D.C. theaters are likely unable to perform publicly for the foreseeable future.
“I had a realization a couple weeks into the pandemic that … we needed to have ways to get to our audience,” Artistic Director Molly Smith told WTOP. “In the same way that we have a season of plays at Arena Stage, why not have a season online?”
The program includes two new original films, starting with “May 22, 2020” on Friday.
“I can’t remember some of the things I was doing three or four weeks ago — it’s a lifetime ago — so this will be a snapshot in time of our region,” Smith said. “The idea came that we would bring on 10 writers to interview 10 people in D.C., Maryland and Virginia for stories about their lives, who they are and how they’re dealing with the pandemic.”
Three filmmakers will direct the segments starring 10 of the best local actors.
“I’ll be directing four of them, Seema Sueko will be directing four of them and Anita Maynard-Losh will be directing some,” Smith said. “We’ve brought in videographers from the D.C.-Virginia area as well, so it’s hyper-local. … We will be filming all 10 of the monologues … no longer than five minutes each, so it’ll be about a 50-55 minute film.”
The second film is called “Inside Voices” and arrives June 19.
“This is young people’s stories in the middle of the pandemic,” Smith said. “We have 10 different working ensembles of young artists that are creating these stories. You can imagine how interesting the videos are because kids are really, really good with iPhones.”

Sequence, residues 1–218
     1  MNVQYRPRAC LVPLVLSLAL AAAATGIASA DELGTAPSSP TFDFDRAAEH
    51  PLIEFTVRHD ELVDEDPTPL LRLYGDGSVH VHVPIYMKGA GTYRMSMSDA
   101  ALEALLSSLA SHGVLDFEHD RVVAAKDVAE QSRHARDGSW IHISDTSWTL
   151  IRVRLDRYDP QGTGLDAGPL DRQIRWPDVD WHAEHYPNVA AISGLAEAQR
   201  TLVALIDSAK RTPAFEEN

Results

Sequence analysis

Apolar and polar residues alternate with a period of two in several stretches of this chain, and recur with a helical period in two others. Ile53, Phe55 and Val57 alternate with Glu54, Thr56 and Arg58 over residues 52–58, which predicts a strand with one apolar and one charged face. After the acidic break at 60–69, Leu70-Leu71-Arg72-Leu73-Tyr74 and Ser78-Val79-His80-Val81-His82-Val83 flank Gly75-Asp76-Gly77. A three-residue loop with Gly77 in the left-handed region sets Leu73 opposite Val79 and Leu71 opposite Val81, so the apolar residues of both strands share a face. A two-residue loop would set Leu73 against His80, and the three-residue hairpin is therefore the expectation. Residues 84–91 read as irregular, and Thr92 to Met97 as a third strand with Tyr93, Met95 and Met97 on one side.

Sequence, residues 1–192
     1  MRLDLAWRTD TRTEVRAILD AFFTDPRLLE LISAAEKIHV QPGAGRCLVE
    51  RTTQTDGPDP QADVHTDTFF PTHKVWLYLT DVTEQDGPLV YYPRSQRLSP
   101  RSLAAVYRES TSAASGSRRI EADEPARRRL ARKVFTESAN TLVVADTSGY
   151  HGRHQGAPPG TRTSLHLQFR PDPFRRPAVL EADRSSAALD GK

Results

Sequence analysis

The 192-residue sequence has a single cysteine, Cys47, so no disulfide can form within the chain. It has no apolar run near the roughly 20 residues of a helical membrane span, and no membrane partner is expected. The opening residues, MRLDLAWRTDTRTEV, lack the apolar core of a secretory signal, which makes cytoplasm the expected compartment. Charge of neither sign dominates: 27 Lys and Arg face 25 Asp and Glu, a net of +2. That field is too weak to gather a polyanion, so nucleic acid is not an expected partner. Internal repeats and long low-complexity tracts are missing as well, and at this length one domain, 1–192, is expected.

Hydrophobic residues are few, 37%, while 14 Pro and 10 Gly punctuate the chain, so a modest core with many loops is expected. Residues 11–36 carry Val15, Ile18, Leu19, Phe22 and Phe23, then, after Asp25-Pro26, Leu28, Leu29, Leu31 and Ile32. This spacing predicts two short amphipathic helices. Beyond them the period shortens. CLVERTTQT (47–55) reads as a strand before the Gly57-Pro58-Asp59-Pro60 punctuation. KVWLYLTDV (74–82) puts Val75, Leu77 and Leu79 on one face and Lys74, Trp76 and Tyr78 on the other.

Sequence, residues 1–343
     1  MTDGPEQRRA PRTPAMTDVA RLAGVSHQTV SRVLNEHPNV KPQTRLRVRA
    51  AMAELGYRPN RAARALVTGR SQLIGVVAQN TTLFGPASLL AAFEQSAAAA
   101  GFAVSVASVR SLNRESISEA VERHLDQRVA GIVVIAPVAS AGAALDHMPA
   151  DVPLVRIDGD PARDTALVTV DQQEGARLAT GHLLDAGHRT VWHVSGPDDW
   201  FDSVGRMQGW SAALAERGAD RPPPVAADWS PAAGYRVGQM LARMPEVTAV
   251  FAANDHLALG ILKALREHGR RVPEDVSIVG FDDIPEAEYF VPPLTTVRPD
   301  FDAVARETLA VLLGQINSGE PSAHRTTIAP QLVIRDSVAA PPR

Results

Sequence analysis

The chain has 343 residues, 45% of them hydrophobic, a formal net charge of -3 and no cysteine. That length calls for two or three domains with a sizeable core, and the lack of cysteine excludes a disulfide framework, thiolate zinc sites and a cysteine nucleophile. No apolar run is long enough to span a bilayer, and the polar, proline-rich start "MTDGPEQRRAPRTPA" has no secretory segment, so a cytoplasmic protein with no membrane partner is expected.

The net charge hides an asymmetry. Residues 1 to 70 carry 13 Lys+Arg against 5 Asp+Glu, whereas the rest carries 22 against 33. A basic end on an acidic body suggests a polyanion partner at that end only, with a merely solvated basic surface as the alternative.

In addition to the films, Arena is also hosting online master classes by top talent.
“We have master classes with playwrights like Craig Lucas, Eduardo Machado, Karen Zacarias; we have design classes with people like Alejo Vietti and Joe Salasovich; Seema Sueko is teaching a directing class,” Smith said. “There are 10 master classes, each class has two sessions with only 16 students in each. Within 36 hours, they were all sold out.”
There’s also an online marketplace for theater artists to sell their products and services.
“Ninety-five percent of artists in the United States have lost work, and 62% are completely out of work,” Smith said. “So, we’re having a marketplace for things the artists want to sell, everything from drawings to paintings to actors calling you to do a monologue. One of our wonderful performers says she will do an entire show. … It’s thrilling what people are offering.”
This includes actors Marsha Mason, Ed Gero, Kate Baldwin, Nicholas Rodriguez, Dawn Ursula, Lise Bruneau, Kirsten Wyatt; designers Ken MacDonald, Ivania Stack, Paige Hathaway, Jeanette Oi-Suk Yew; fight choreographers David S. Leong and Jenny Male; voice and dialect coaches Lisa Nathans and Zach Campion; and production artisans Deborah Nash and Timothy Thompson.
You can also participate in the annual Camp Arena Stage, which has traditionally been held in person at Georgetown Visitation for the past 15 years but will now be online.
“It’s high touch, high impact with young people, classes in everything from claymation to zumba to drawing to creating newspapers,” Smith said. “People who aren’t able to travel to D.C. to take the camp could take it in their own communities. And you know what’s happened? We have over 200 campers so far, half from different parts of the country.”
When might we see live theater return?
“We are still in that process of trying to figure it out,” Smith said. “Right now, you can only have 10 people [in a public space], so we need to wait until it’s larger. But when we come back, we will come roaring back with great projects and actors who are eager to bring stories to the audiences because I think everybody has been hungry for this.”
Until then, let’s look forward to “Looking Forward.”